US cosmetics giant Avon has announced that it will close down all of its French operations at the end of this month as the result of declining sales and consistent operating losses.
As a result of this, the company has stated that only current orders from its customers will be guaranteed.
A letter from the president of Avon France to the company’s work council says that Avon has failed to adequately penetrate the French market and has posted a loss during most years of operation.
Rachida Dati, a member of the European parliament, stated in a press release: “Another company is going to close, and other lives are going to be shattered, if nothing is done.”
He also called for the minister of industrial renewal to take over the case and ensure that the firm’s workers remained in employment.
Marlous Kuiper, a Euromonitor analyst, told CosmeticsDesign-Europe.com that Avon’s decision to pull out of France was “unsurprising” given the challenges it faces and its ongoing restructuring to cut costs.
Avon has committed to cutting costs by US$400m by the end of 2015.
She pointed out that the company had already exited from Japan, South Korea, Vietnam and Ireland, and planned to close plants in Ohio and Germany in 2013.
Kuiper commented: “It’s recent announcement of exiting the French market isn’t therefore a big surprise, especially when looking at their sales…Avon generates fairly small sales in France, US$29mln in 2012 (and actually even less in Ireland) with both markets declining in sales in 2012.”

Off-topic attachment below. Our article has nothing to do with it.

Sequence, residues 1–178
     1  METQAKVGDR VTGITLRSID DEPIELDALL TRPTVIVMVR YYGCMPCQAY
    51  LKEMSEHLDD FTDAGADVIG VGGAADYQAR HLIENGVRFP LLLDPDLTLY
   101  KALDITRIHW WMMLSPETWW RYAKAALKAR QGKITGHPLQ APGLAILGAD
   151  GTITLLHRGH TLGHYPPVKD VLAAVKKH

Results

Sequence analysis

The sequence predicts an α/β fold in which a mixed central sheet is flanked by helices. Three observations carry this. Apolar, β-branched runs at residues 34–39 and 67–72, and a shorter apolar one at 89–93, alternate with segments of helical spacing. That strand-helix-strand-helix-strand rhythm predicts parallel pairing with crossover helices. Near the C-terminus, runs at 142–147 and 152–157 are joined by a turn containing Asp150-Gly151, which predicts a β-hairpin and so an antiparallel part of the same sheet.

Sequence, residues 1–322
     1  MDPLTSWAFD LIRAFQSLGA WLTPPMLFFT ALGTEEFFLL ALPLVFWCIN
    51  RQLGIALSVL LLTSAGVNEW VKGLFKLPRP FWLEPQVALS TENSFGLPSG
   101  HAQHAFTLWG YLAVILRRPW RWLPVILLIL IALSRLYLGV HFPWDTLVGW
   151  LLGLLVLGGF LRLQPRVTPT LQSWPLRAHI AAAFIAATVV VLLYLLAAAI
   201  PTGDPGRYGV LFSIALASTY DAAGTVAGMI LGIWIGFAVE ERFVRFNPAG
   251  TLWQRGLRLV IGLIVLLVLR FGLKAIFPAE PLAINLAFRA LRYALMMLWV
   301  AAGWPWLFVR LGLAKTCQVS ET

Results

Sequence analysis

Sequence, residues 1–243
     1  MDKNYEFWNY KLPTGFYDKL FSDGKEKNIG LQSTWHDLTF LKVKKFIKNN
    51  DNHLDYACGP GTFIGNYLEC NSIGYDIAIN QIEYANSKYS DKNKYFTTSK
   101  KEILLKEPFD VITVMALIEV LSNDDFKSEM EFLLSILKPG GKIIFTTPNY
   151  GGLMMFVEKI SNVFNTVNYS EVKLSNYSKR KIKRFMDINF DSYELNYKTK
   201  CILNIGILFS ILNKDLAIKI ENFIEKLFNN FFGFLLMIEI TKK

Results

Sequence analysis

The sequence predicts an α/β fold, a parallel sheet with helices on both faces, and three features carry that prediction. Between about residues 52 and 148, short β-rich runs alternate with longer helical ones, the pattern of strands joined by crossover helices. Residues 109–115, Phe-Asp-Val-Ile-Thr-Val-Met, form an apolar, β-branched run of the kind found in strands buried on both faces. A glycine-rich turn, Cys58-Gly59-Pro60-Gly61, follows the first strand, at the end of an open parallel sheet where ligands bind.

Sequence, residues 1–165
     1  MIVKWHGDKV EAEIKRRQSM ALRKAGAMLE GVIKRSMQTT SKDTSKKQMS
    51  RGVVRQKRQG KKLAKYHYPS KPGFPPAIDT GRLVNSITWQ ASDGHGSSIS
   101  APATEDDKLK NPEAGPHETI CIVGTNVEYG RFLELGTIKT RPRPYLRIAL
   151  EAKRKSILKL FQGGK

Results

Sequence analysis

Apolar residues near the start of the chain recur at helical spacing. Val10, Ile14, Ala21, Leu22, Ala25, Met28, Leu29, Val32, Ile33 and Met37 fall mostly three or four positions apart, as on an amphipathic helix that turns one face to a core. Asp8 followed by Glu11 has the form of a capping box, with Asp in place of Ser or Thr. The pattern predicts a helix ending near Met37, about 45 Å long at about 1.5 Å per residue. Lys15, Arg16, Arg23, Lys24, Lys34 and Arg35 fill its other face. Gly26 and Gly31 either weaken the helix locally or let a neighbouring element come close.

“These sales are very small compared to Avon’s global beauty sales of US$ 12 billion in 2012, making it the largest beauty direct seller globally and 8th largest beauty player globally in 2012.”
Low penetration, low profits
A letter from the president of Avon France to the company’s workers points out that despite numerous restructurings, Avon France has operated at a loss every year from 2000 to 2012.
In addition, the company had never achieved more than 0.2% market share in cosmetics, in part due to its failure to adapt to the peculiarities of the French market.
Avon's sales have also declined from €38.8m to €20.9m between 2000 and 2012, partly because the firm being hobbled by competition from the internet in its reliance on direct sales.
127 employed workers and 11,000 representatives are likely to lose their jobs as a result of this development.
In an interview with the BBC, Estelle Croissant, an Avon employee responsible for supporting direct selling representatives, said that a worker’s council representing Avon staff was challenging the company for not following correct redundancy procedures.